The Human Genome Project gave researchers an important initial roadmap to the human gene sequence, but it’s a map that might prove tough to navigate, given that the function and structure of most of the proteins that do the work for those genes remains a mystery.
That’s why the Human Proteome Folding Project – a recent collaboration between IBM, United Devices, the Institute for Systems Biology and the University of Washington – is picking up where the Human Genome Project left off. Understanding the form and function of these proteins, which are at the core of many diseases and the natural target for many treatment drugs, will ultimately put researchers that much closer to understanding why certain diseases happen and how to treat and cure them.
“The Human Genome Project is the foundation on which this project sits,” say Dr. Rich Bonneau, senior scientist for the Institute for Systems Biology, the Seattle, Washington non-profit research institute that is spearheading the biology research effort for the Human Proteome Folding Project.
But running the computations necessary to create such a catalog could take literally a million years on a state-of-the-art PC – 50 years if you used a substantially more powerful commercial 1,000-node cluster computer. But by ‘borrowing’ unused computing cycles from volunteers who download a program to their PCs – a la SETI@Home – researchers believe they can get at least a rough sketch of more than 100,000 proteins before the end of this year.
Tens of thousands of people have already downloaded the program through IBM’s and United Devices’ grids, both of which are being used for this program, and that number is hoped to quickly reach into the millions.
The Beginning of a Beautiful Friendship
The Institute for Systems Biology (ISB) was approached about 18 months ago by United Devices, an Austin technology firm that makes software for grid computing. The software company had a vested interest in life science-related projects as it counts five of the world’s six biggest pharmaceutical companies as customers, and has been running its own distributed community grid since April 2001.
As with the well-known SETI@Home project, computer users can go online to United Devices’ site at www.grid.org, and download a client that runs computations on their computer’s unused cycles. Using the huge computational power of its own grid, United Devices has run previous projects looking into anti-viral leads for smallpox, and screening molecules to find treatments for anthrax.
When United Devices approached the Institute for Systems Biology, says Ed Hubbard, the software company’s president and founder, he was looking for “problems that they might solve” by harnessing the grid’s computing strength.
And, as it turned out, mapping human protein structures was a good fit.
Researchers at the Institute were already using Rosetta, a software package developed at the University of Washington to predict the structure of proteins. But while Rosetta offers a good forecast for what these proteins might look like, its predictions are not infallible. Researchers still need to run countless computations to determine the accuracy of a protein’s three-dimensional structure.
That’s where the grid comes in handily.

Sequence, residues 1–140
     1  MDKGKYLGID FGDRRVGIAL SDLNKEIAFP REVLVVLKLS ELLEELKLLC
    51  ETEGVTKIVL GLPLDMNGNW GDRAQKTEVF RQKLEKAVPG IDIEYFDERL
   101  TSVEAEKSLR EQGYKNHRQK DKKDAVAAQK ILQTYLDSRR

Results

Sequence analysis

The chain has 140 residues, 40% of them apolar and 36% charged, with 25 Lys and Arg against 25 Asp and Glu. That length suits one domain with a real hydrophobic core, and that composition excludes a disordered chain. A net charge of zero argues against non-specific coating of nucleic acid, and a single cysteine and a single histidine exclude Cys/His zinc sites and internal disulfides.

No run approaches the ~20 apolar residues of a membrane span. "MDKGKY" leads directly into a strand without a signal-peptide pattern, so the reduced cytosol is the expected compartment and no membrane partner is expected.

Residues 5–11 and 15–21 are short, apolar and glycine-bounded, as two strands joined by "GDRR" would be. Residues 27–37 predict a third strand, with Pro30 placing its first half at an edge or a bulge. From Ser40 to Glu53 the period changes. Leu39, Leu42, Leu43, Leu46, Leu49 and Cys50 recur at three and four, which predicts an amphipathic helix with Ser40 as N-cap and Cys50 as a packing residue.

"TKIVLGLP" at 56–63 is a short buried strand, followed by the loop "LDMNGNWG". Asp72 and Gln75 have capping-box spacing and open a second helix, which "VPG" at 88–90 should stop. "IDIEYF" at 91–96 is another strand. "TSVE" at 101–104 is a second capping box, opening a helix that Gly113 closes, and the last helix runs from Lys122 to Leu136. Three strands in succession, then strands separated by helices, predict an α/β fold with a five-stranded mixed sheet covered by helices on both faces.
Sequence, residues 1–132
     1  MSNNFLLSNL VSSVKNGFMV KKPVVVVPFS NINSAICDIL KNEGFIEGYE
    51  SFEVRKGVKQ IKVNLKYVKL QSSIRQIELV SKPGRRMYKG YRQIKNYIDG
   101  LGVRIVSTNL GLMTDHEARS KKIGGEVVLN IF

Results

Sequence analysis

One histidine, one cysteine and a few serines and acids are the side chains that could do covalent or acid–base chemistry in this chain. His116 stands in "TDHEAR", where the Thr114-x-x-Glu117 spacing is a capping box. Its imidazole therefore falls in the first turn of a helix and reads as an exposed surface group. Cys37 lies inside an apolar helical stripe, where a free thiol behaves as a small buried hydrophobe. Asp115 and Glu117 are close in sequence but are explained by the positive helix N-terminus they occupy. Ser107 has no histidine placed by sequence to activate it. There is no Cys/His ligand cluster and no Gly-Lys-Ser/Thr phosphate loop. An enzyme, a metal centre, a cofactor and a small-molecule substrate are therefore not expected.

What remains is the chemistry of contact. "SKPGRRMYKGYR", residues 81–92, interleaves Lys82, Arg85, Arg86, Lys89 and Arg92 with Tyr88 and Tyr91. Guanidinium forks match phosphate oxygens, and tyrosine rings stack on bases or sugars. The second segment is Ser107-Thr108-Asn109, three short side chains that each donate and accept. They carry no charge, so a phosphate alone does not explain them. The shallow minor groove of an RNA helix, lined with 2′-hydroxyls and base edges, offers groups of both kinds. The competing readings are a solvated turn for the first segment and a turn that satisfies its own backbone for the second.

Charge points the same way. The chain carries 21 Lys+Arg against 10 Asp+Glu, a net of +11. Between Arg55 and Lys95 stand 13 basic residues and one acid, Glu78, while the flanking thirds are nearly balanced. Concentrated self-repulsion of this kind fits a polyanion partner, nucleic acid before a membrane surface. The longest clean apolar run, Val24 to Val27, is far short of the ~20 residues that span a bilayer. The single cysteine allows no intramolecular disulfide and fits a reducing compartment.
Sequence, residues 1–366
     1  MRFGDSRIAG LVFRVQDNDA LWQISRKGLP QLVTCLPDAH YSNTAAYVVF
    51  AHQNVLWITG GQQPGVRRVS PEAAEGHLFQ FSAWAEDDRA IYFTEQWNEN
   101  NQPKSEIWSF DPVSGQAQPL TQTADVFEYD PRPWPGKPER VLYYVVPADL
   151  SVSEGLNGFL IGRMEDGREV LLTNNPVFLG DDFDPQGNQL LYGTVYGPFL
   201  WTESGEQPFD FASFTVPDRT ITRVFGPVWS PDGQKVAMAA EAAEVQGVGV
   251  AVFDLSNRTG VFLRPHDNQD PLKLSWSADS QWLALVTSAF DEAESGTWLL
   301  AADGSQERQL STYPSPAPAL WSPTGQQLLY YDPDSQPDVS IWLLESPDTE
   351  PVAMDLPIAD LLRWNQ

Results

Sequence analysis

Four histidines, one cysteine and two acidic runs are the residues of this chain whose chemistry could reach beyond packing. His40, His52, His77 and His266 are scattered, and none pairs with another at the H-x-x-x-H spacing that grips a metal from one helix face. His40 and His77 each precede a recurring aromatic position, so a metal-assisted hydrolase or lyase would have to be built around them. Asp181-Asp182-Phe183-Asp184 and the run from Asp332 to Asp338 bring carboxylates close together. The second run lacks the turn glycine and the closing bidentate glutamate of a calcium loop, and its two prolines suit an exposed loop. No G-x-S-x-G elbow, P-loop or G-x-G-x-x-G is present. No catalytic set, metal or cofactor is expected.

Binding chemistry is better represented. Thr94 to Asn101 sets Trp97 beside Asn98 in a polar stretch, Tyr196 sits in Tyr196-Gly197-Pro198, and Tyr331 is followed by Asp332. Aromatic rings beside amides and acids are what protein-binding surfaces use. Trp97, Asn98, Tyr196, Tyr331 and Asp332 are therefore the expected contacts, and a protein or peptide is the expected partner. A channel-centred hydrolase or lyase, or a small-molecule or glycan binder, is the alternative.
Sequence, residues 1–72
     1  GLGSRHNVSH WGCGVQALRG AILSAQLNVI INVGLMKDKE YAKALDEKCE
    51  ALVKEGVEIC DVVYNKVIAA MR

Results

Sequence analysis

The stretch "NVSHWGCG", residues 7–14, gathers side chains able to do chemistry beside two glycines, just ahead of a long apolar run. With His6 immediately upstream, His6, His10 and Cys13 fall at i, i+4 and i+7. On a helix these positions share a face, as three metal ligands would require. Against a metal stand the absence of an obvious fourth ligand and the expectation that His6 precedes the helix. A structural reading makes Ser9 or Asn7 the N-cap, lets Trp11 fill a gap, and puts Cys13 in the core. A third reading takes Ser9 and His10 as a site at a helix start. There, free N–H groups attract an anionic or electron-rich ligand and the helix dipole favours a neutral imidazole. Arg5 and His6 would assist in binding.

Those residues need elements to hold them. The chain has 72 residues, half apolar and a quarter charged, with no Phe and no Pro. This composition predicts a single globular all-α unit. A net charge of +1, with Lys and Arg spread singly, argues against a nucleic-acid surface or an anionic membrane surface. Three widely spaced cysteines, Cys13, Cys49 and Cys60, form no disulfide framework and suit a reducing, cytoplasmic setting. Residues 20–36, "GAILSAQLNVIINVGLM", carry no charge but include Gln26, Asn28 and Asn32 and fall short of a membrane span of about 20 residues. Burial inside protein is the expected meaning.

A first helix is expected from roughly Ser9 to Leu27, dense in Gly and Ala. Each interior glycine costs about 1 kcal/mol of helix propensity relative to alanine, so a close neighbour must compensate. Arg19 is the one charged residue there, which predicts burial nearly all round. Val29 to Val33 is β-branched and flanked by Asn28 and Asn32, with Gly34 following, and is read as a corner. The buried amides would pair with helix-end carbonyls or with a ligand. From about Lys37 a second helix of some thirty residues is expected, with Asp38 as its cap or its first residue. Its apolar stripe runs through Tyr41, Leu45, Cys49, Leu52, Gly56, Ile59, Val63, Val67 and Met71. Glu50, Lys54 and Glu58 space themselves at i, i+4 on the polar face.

“I had the idea for some time that Rosetta would be the ideal application for the grid,” Bonneau says.
The United Devices grid, with more than three million participants, already runs about a petaflop of computing power – that means that the system can run 1,000 trillion calculations per second, making the grid about as powerful as all the supercomputers in the world combined.
Indeed, Bonneau has already had an early insight into how much the grid could speed up the Institute’s work: He says his team had been working with Rosetta for two years to get half-way through predicting the structure of a yeast genome – a project they were able to finish up on the grid in two weeks.
Two Grids, No Waiting
Together, the ISB and United Devices brought in IBM – with whom United Devices had worked on its previous grid-based smallpox project. IBM was in the process of setting up its own World Community Grid, which it officially launched in November 2004.
The Human Proteome Folding Project became its first effort – and indeed the first time grid computing has been used for a biology-related project.
Since its launch, Stan Litow, president of IBM’s International Foundation, which helps oversee the World Community Grid, says about 70,000 people have downloaded the software and he expects to have at least one million participants by year end.
“It was so clear that the repetitive calculations [of the protein project] needed the grid,” Litow says. “And this was not a narrow projectit has ramifications across a variety of research areas.”
With two grids at work, Bonneau says that within six months he hopes to have the database populated with upwards of 100,000 protein “domain” structures – a “low-resolution” shot of what the protein looks like at the architecture or fold level. Biologists and medical researchers can, in turn, use that data to get a better (if still not exact) idea of what proteins look like and how they interact.
Bonneau expressed hope that success in the Human Proteome Folding Project will lead to a second phase, where the grid is used to model a few key proteins to a higher level of detail. Modeling protein structures down to their atomic detail would give researchers more to work with, but would also be even more computationally intense.
But for now, the Human Protein Folding Project is a necessary next step to better understanding why our bodies do what they do.
“I really like the idea that this project will have usable, practical results,” Bonneau says. “A lot of distributed computing projects don’t produce results that people can relate to.”
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